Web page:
Most practitioners recognize that some dogs and cats with pruritus or gastrointestinal conditions can be managed either in
part or fully by feeding a limited-antigen diet. However, resolution of these patients' clinical signs alone does not confirm
an allergic cause since dogs and cats with food intolerances may respond to this approach as well (Table 1). True food allergy is immunologically mediated, whereas food intolerances are not. Because the exact pathogenesis and true
incidence of food allergy in dogs or cats have not been fully elucidated, we should refer to affected patients as having an
adverse food reaction.
In people, food allergies are most common in infants and young children, and most food allergies are mediated by IgE antibodies.
Children with an atopic predisposition are at increased risk for showing signs of food allergies, and in 40% of children with
atopic dermatitis, food allergens can trigger disease.1
In a recent evaluation of dogs with atopic dermatitis triggered by environmental allergens, 22 of 96 (23%) had a concurrent
adverse food reaction.2 Canine models of food allergy have been reported.3-5 Most are dogs that have been selected for high IgE production and, when sensitized with food allergens by parenteral routes,
will mount allergen-specific IgE responses. In most cases, these responses are accompanied by dermatologic or gastrointestinal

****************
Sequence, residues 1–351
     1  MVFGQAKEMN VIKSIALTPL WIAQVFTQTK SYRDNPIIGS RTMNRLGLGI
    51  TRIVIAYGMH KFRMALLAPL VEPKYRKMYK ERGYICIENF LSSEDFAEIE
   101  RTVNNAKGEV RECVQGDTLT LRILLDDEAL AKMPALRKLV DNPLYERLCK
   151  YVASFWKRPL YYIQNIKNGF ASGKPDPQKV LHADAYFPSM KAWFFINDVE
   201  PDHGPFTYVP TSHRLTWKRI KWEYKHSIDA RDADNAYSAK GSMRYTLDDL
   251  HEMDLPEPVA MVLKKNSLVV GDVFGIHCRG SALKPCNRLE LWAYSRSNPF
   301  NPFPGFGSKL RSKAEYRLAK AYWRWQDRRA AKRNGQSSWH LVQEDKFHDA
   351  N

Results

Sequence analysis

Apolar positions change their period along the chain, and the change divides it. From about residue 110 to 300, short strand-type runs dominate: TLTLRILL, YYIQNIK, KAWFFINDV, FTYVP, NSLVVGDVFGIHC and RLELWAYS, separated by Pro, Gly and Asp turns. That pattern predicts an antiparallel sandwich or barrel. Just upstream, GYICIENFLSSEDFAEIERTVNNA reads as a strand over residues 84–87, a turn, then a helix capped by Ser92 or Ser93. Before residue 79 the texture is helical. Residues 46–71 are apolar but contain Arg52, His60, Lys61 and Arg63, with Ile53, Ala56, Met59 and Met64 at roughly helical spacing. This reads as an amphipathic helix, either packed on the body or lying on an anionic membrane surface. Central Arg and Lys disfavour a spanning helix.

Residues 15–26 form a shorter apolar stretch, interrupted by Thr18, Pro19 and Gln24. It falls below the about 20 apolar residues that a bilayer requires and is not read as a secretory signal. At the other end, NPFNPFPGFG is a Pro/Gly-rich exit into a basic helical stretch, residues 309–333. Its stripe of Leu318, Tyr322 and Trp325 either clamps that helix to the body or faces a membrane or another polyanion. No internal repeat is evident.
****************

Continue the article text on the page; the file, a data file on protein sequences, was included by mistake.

signs. At North Carolina State University, a unique colony of atopic dogs spontaneously manifests food allergy. When fed soy,
chicken, or corn, they develop pruritus, otitis, and, in some cases, gastrointestinal signs.6,7
In this article, I will review the process of diagnosing adverse food reactions and, in particular, indicate how it can be
performed successfully. The best method for diagnosing adverse food reaction is to perform a diet trial, and it is vital that
the trial be performed correctly.
CLINICAL SIGNS OF FOOD ALLERGY
Table 1: Definitions of Common Food Sensitivity Terms*
The most common cutaneous manifestation of adverse food reaction in dogs and cats is pruritus. But before investigating a
possible dietary causality, it is important to rule out other common causes of pruritus, such as parasitic infestations. Furthermore,
there should be historical evidence of year-round disease. If perennial disease is present but seasonal worsening is reported,
the possibility of concurrent hypersensitivity to dietary and environmental allergens must be considered.
Although clinical signs usually become evident in puppies or young adults before 3 years of age, adverse food reactions can
develop in dogs at any age.2 Labrador retrievers may be at an increased risk.8,9 There is no sex predisposition.
Figure 1. A 10-month-old female Labrador retriever at initial presentation exhibiting self-induced periocular alopecia and
blepharitis secondary to dietary-induced pruritic skin disease. (Reprinted with permission from Foster AP, Foil CS. BSAVA
manual of small animal dermatology. 2nd ed. Oxford, UK: Blackwell Publishing, 2003.)
The predominant presenting clinical sign of food allergy in dogs is a nonseasonal pruritus. The pruritus can involve any body
region but is often identical to that which we associate with classical canine atopic dermatitis involving the ventral abdomen,
axillae, groin, muzzle, and periocular, perianal, and palmar or plantar and dorsal interdigital skin (Figures 1 & 2). A recurrent superficial pyoderma in the absence of pruritic skin disease has also has been recognized in a few cases.9,10 Recurrent otitis externa is a common complaint and may be present in 56% to 80% of cases (Figure 3).8-11
Figure 2. The same dog after four weeks on a limited-antigen diet trial. (Reprinted with permission from Foster AP, Foil CS.
BSAVA manual of small animal dermatology. 2nd ed. Oxford, UK: Blackwell Publishing, 2003.)